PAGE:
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Publication numberUS6349749 B1
Publication typeGrant
Application numberUS 09/351,045
Publication dateFeb 26, 2002
Filing dateJul 9, 1999
Priority dateJul 9, 1999
Fee statusPaid
Also published asCA2378683A1, CA2378683C, CN1160500C, CN1369029A, DE60014912D1, DE60014912T2, EP1200672A1, EP1200672B1, WO2001004411A1
Publication number09351045, 351045, US 6349749 B1, US 6349749B1, US-B1-6349749, US6349749 B1, US6349749B1
InventorsScott Quigley
Original AssigneeGeschmay Corp.
Export CitationBiBTeX, EndNote, RefMan
External Links: USPTO, USPTO Assignment, Espacenet
Woven fabric
US 6349749 B1
Abstract
A seamed endless papermaking fabric for use with papermaking machines. The fabric includes a plurality of CMD (cross machine direction) yarns intermeshing with a plurality MD (machine direction yarns) in a selected intermeshing pattern forming a contact surface and a support surface. The MD yarns, which are arranged to extend beyond the endmost of the CMD yarns at the opposed first and second ends of the fabric, form a plurality of spaced seaming loops across the fabric. These loops are adapted to interleaf and receive a pintle which forms the seam forming the fabric endless. A first pair of additional yarns are intermeshed in a first intermeshing pattern repeat with the MD yarns outwardly of the endmost of the CMD yarns at one of the opposed ends and a second pair of additional yarns are intermeshed in a second intermeshing pattern repeat with the MD yarns outwardly of the endmost of the CMD yarns at the other of the opposed ends. These first and second pairs of additional yarns separate the endmost CMD yarns from the pintle. The additional yarns are multi-filament yarns while the MD yarns are monofilament yarns.
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Claims(10)
What is claimed is:
1. A seamed endless papermaking fabric for use with papermaking machines having a machine contact surface and a paper support surface comprising;
a plurality of CMD (cross machine direction) yarns intermeshing with a plurality of MD (machine direction) yarns in a selected intermeshing pattern forming said contact surface and said support surface;
said MD yarns extending beyond endmost of said CMD yarns at opposed first and second ends of said fabric forming a plurality of spaced seaming loops across each of said opposed ends of said fabric, said loops being adapted to interleaf and receive a pintle forming said seam and forming said fabric endless;
a first pair of additional yarns intermeshing in a first intermeshing pattern repeat with said MD yarns, and between said contact surface and said support surface, outwardly of said endmost CMD yarns at said first of said opposed ends, one of said first pair of additional yarns appearing primarily on said contact surface, and the other of said first pair of additional yarns appearing primarily on said support surface;
a second pair of additional yarns intermeshing in a second intermeshing pattern repeat with said MD yarns, and between said contact surface and said support surface, outwardly of said endmost CMD yarns at said second of said opposed ends; wherein,
said first and second pairs of additional yarns separate said endmost CMD yarns from said pintle.
2. The fabric of claim 1 wherein said intermeshed MD and CMD yarns are interwoven.
3. The fabric of claim 1 wherein said intermeshed first and second pairs of additional yarns and said MD yarns are interwoven in selected weave patterns.
4. The fabric of claim 1 wherein one of said second pair of additional yarns appears primarily on said contact surface, and the other of said second pair of additional yarns appears primarily on said support surface.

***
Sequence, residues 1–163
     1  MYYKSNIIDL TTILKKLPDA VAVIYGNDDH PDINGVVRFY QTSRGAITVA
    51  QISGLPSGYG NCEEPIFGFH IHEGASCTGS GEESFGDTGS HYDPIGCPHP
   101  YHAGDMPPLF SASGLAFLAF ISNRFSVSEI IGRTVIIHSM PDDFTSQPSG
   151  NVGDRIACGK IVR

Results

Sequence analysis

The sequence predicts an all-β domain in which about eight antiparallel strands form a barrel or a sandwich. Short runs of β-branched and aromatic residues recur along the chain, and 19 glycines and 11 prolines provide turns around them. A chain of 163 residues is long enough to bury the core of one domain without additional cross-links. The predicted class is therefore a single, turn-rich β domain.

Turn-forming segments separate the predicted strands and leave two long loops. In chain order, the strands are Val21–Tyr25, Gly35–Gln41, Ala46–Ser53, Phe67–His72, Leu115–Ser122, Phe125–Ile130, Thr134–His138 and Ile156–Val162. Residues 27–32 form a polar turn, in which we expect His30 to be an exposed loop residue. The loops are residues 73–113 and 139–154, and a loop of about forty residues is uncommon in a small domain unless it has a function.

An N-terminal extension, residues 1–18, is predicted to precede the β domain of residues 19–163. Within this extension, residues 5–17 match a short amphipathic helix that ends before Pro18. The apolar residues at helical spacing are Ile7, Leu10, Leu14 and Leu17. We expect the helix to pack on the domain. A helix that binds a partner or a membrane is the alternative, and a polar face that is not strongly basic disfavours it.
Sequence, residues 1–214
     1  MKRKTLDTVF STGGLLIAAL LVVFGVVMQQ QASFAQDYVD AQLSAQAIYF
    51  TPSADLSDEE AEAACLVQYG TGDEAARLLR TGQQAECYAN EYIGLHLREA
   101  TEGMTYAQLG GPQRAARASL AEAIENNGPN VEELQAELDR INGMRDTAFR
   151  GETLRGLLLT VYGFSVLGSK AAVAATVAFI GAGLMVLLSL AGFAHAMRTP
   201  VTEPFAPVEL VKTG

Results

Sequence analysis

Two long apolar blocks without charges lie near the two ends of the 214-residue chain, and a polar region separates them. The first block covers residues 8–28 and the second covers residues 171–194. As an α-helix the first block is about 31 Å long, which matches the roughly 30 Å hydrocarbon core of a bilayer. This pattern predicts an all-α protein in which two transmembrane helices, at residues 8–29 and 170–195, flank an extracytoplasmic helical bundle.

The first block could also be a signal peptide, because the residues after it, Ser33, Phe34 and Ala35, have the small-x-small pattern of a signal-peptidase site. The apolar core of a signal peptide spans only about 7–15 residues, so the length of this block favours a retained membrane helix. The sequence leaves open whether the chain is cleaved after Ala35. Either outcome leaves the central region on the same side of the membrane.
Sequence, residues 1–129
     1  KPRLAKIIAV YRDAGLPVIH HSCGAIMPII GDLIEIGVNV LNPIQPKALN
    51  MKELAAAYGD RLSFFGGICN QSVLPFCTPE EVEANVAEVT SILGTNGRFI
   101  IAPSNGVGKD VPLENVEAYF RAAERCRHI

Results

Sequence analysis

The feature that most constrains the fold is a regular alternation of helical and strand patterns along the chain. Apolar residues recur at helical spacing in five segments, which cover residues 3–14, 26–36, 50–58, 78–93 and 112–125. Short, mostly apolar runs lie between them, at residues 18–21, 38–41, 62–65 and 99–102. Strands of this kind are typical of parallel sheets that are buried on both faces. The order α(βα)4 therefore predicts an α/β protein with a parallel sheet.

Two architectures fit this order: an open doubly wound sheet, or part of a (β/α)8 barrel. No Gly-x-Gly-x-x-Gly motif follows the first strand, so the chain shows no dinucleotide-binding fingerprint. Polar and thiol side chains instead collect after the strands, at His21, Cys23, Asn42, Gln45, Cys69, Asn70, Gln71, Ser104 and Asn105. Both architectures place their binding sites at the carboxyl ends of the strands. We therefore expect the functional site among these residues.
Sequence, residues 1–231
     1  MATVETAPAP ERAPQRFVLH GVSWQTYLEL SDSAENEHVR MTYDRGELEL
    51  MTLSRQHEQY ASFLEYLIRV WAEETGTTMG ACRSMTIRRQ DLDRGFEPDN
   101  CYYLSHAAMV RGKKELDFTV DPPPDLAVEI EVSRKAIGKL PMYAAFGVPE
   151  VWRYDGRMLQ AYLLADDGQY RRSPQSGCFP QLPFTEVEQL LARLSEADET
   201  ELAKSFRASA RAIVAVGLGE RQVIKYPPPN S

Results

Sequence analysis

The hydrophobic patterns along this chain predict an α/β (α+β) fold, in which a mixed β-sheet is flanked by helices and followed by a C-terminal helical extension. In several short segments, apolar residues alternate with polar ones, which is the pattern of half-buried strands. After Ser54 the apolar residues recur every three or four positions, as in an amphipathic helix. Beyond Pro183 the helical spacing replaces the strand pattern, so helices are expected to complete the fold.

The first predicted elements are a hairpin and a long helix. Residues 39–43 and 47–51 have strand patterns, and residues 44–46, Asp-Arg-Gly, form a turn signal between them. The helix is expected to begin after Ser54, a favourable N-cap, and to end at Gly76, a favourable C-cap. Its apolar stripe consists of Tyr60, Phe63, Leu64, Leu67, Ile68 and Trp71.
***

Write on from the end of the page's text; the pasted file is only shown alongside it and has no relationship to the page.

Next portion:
5. The fabric of claim 3 wherein each yarn of said additional yarns of at least one of said opposed ends is interwoven with said MD yarns to appear on said contact surface at least once during each repeat of said weave pattern.
6. The fabric of claim 3 wherein said MD yarns are weft yarns and said additional yarns are warp yarns.
7. The fabric of claim 3 wherein said selected weave pattern repeats on one of twenty-four and thirty-two picks.
8. The fabric of claim 1 wherein said CMD and MD yarns are synthetic monofilament yarns.
9. The fabric of claim 1 wherein at least one of said first and second pairs of additional yarns are synthetic multi-filament yarns.
10. The fabric of claim 1 wherein said additional yarns are multi-filament synthetic yarns.
Description
BACKGROUND OF THE INVENTION

The present invention relates generally to a seam structure for a papermaking fabric woven endless.

Papermaking fabrics and particularly press fabrics have long used pintle seams as is illustrated in U.S. Pat. Nos. 4,737,241; 4,824,525; and 5,799,709. As shown, the pintle is normally of a larger diameter than the diameter of the transverse yarns. This requires that the loops be formed larger than the space required for a warp yarn in order to receive the pintle. Because of the pintle size, it is important that additional fiber be provided in the area of the seam to form additional cover to prevent undesirable markings on the paper. Another concern is that the endmost transverse yarns have a tendency to slip longitudinally into the area of the loop during use. This also causes unwanted markings on the paper.

Accordingly, it is an object of this invention, to provide a seam structure in which additional fibers are provided in the area of the seam.

Another object of the invention is a seam construction which utilizes additional multi-filament yarns outside of but adjacent the endmost transverse yarns of the fabric.

Another object of the invention is to provide a pintle seam structure which stabilizes the position of the endmost transverse yarns of the body portion of the fabric.

Another object of the invention is the provision of additional yarns adjacent the endmost transverse yarns of the fabric which interlace with and are exposed on both the support surface and the running surface.

Another object of the invention is the provision of a fabric structure capable of being needled to form a fiber cover over the area of the seam.

SUMMARY OF THE INVENTION